CP 9 was at a hilltop where the map showed the trail ending. The topographic maps in the US are often over 25 years old, so we have all learned to really pay close attention as things have usually changed a bit since the maps were made. It turns out this road did actually end close to where we thought it would. Up to the top of this hill, where we found a campsite of some sorts, punched the CP then back down. Whew, these tall hills are NOT what we are used to racing in Texas.
It was decision time. CP10 was only about 1.5 km away, but there was no road or trail to get us from where we were to the CP, and there were some large hills and forest in our way. We were well ahead of our own self-imposed time cutoff, so we chose to just take our bikes cross-country. This is usually a miserable experience in Texas, but the wonderful woods here were relatively open, so it was no problem to push/carry our bikes through the forest. We were even able to ride them down a few slopes. Our bike-whack went exactly as planned and we popped out on a parallel road, which led us directly to CP 10 (which was well hidden just off the road at a stream crossing). With CP 10 punched, all we had to do was get back to TA. The great news was that it was all downhill. We flew back into camp feeling like we had 100% nailed the navigation on that leg.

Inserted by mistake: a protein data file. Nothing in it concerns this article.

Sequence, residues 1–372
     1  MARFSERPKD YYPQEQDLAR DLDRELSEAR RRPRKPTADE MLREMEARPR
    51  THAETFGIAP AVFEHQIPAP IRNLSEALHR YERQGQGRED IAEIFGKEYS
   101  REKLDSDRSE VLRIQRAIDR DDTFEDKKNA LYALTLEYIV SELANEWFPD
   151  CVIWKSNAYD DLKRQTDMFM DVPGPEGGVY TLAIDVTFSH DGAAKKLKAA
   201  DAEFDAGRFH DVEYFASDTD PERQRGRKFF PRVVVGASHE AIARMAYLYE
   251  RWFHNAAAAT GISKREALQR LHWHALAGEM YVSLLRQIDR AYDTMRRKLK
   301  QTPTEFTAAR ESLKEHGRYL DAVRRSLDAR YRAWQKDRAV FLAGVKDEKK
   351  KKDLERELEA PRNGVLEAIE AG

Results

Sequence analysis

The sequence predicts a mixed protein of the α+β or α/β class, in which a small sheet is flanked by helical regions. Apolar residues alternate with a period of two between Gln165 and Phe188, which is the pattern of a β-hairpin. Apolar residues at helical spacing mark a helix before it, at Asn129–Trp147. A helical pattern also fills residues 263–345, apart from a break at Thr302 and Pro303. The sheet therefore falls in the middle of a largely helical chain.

Next up was a fun swim leg on the water toys around camp. It was cold water and air temps were in the 60s so that kept us moving. We did a large waterslide, then a zip line into the water, and finally a blindfolded paddling course. With that leg done, it was back to TA. Robyn told us no one else had finished the bike leg yet, which we were happy to hear because that meant we had at least a 30-minute lead and no skipped CPs.
Next was the first significant trekking leg of the race. At the pre-race we were warned that CP 17 may be very tough to find if you are not spot on with navigation. We left camp using a camp trail map. It was not to scale and only roughly accurate (it was hand drawn). We were all sure it would take us very close to CP 14, which was at a creek intersection, but our plan was to just pay attention and if we saw the creek intersection we would get the point on the way out, and if we did not see it, we would grab that point on the way back. Sure enough, I figured out where we were as soon as we climbed in elevation away from the creek. We chose to not do any unnecessary down then back up, so we decided to save it for later. We took mental note of where we wanted to go into the woods for our return trip.
Up the trail, we hit CP 15 just fine. We also found a huge shipping container in the middle of nowhere which we were told was a homemade sauna. A short bit of cross-country and we hit CP 16 just fine. We were really doing great on our team navigation, so we headed off in search of 17. We chose a careful approach strategy and nailed it right off. We had been going uphill all the way to this far CP, so now it was time to enjoy the downhill. We ran most of the downhill back and were very surprised to not come across any other teams until we were approaching CP 14, where we ran into team Santa Fe coming out of the creek. We punched CP 14, and then headed back into TA.